If you haven't read the Associated Press article about the American effort to train Iraqi forces to fight Islamic State (IS) militants, then the following should serve as a wake-up call to those who are concerned about our position in Iraq — especially those in the Congress who would like to send American troops into that quagmire. Here are some excerpts from that article.
Defense Secretary Ashton Carter told the house Armed Services Committee that the U.S. had envisioned training 24,000 Iraqi security forces by this fall, but the U.S. received only enough recruits to train 7,000 — in addition to about 2,000 counter-terrorism service personnel. So far, the U.S. is advising local Iraqi forces and not engaging in combat against IS militants.
The White House announced last week that it was sending up to 450 more U.S. troops to a new base in Anbar province in western Iraq to advise Iraqis on planning and execution of a counteroffensive to retain Ramadi, the provincial capital. Asked whether the 450 extra troops will make a difference in the fight against IS, Carter said the numbers are not as significant as the location, which is in the heart of Sunni territory.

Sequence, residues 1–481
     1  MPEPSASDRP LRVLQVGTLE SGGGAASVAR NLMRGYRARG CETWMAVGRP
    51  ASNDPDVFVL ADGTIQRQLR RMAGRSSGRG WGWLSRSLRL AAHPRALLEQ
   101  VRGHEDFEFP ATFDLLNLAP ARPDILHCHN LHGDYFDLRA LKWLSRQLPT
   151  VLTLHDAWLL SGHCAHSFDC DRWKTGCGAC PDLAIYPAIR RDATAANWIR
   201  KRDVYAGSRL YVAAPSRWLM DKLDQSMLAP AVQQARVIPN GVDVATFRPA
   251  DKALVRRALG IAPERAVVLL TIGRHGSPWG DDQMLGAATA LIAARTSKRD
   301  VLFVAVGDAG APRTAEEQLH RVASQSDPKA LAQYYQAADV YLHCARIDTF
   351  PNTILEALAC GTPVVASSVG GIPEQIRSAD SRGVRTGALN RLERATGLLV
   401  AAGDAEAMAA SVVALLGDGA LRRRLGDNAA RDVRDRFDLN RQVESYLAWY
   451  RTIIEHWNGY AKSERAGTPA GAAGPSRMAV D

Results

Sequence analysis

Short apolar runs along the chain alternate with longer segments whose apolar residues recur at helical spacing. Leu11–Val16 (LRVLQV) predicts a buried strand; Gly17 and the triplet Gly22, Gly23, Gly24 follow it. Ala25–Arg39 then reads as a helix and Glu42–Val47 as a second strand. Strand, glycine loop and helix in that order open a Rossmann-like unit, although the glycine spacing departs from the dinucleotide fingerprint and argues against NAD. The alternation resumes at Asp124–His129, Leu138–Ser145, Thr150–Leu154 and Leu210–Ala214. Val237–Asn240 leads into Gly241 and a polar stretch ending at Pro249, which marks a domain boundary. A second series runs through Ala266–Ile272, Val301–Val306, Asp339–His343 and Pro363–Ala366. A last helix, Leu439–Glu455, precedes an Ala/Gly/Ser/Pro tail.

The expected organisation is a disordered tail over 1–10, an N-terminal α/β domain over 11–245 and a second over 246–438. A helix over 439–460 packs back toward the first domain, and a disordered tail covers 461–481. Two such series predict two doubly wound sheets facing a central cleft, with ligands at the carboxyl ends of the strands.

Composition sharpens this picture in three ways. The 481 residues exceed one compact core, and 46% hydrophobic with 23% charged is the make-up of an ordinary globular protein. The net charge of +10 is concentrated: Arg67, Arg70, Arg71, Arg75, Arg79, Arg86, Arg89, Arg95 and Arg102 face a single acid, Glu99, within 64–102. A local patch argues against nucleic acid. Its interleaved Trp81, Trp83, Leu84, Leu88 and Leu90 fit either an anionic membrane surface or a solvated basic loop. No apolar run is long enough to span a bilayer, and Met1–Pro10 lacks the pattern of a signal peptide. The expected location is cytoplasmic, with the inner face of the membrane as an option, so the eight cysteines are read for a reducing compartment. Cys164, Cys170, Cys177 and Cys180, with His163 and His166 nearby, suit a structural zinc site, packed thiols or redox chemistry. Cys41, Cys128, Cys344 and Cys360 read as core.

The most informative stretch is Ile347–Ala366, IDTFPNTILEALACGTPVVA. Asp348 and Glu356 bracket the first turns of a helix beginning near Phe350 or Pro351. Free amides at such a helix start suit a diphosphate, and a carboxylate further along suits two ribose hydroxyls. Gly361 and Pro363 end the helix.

"As I've told Iraqi leaders, while the United States is open to supporting Iraq more than we already are," Carter said, "we must see a greater commitment from all parts of the Iraqi government." The U.S. is pushing for a more inclusive government in Baghdad that represents Sunnis, Shiites and Kurds, Iraq's three major ethnic groups.
Carter's testimony was interrupted by an anti-war protester who shouted, "We need a political solution."
Gen. Martin Dempsey, chairman of the Joint Chiefs of Staff, who also testified, said the U.S. needs to be patient and not give up on the Iraqi government's ability to fight IS. Many Republicans in Congress, however, are leery and say the U.S. should not rely on the Iraqis.
"There is a sense that we are at a particularly perilous time and that U.S. policy and strategy are inadequate," said committee Chairman Mac Thornberry, R-Texas.
Rep. Adam Smith, the committee's ranking Democrat, cautioned that the might of the U.S. military alone will not defeat IS. "We can drop 200,000 U.S. troops in the middle of this and it won't solve the problem," he said.
All of this makes you wonder if we have learned anything at all from our bitter experience in Iraq (and the Middle East in general) over the past 12 years.
Beau Weisman, Editor